Countries crash when their export prices crash
Few countries are able to save the money they earn from exports when commodity prices are high. Then, when the prices fall, they are in economic trouble. This problem has been observed for several decades.
Zambia has been hit hard by declining copper prices. The Globe and Mail reported
today Zambia is a lesson in the perils of over-dependence on a single commodity and a handful of multinational mining companies. The copper boom is over, Glencore has fallen into a cost-cutting crisis, Zambian mines are being shuttered and Zambia’s currency has been the worst-performing in the world this year. Its euro bond interest rates have soared to nearly 12 per cent in recent weeks.
Nigeria is suffering from low oil prices. The Financial Times reported:
Nigeria’s economy grew about 2.8 per cent last year, its slowest rate since 1999, as lower crude prices took their toll. Nigeria has traditionally earned 70 per cent of its revenue from crude exports and has few other sources of foreign exchange earnings.
The situation is similar in Latin America. An op-ed in the New York Times states:
From roughly 2003 through 2012, Latin America enjoyed one of the greatest commodity booms in its modern history. Exporting everything from oil to soybeans, Latin American governments received windfalls, which they spent on social programs, which were often well designed and affordable. The problem is that no one saved up for the inevitable rainy day. When prices began to plummet, both new sovereign wealth funds and traditional tactics, like fiscal stimulus, proved inadequate. Country after country saw growth rates fall, social spending shrink and citizens get angry.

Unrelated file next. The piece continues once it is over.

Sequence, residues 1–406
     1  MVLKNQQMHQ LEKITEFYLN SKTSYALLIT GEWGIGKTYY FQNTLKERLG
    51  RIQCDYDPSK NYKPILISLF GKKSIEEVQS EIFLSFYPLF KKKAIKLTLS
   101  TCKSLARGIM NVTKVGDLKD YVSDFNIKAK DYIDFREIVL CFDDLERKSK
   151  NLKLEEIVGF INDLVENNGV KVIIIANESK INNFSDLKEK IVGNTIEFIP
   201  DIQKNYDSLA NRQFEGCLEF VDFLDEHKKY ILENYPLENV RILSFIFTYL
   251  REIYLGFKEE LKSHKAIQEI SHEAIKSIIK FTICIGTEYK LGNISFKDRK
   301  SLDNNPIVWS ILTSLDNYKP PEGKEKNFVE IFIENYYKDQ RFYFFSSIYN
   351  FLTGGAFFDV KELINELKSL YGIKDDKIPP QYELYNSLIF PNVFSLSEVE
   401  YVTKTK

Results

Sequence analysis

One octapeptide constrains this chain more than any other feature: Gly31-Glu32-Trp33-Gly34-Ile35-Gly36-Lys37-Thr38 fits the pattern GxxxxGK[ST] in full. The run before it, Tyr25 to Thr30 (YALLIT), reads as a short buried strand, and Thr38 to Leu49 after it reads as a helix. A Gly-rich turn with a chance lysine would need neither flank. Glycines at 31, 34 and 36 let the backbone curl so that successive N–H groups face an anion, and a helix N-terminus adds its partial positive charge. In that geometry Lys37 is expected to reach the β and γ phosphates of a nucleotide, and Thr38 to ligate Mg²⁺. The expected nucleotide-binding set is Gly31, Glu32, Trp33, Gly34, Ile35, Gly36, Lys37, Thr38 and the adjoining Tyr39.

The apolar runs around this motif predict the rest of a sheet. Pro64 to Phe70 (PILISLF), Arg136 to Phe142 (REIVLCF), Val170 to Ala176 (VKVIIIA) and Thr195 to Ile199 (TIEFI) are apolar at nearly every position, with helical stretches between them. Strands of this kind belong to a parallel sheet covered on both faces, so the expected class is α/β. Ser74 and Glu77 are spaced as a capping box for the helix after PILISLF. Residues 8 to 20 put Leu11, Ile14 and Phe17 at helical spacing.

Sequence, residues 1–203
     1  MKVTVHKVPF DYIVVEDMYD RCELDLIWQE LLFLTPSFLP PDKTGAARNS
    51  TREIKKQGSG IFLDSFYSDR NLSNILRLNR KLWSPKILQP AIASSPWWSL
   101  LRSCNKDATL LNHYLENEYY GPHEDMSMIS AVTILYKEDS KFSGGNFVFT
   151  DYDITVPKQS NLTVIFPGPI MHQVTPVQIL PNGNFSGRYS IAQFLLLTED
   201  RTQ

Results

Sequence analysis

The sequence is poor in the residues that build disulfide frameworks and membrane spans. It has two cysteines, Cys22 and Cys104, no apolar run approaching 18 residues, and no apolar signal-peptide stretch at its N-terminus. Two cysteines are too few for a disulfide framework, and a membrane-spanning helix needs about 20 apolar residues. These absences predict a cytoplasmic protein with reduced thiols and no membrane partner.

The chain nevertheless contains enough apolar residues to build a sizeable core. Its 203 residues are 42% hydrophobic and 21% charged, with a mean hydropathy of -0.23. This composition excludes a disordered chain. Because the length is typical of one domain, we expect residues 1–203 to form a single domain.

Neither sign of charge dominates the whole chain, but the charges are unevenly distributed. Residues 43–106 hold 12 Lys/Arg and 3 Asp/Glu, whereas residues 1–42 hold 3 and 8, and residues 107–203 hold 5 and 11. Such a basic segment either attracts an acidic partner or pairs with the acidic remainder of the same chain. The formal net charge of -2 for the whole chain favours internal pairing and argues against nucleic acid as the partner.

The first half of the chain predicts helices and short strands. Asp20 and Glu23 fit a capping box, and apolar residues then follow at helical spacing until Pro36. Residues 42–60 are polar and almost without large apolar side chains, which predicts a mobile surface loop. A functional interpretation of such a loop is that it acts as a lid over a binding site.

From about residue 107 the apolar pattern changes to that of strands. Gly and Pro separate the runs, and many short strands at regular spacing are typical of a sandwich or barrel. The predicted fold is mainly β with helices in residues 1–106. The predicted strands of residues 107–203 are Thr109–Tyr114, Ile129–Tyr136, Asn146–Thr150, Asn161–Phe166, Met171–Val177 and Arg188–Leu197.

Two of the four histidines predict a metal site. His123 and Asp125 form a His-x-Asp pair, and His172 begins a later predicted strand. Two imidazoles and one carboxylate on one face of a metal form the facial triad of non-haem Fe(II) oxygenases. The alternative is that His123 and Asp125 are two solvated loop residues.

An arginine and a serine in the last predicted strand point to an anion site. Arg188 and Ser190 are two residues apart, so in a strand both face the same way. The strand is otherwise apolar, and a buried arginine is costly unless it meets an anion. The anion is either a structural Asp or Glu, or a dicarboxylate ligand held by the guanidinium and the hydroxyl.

The United Nations had proposed an international effort to stabilize commodity prices. But, it was a flawed concept, and was not implemented.
The economic solution is obvious: the governments should not spend all their money when there is a boom. But, politics comes in the way. It seems that in most countries the politicians are unwilling to learn from past debacles.
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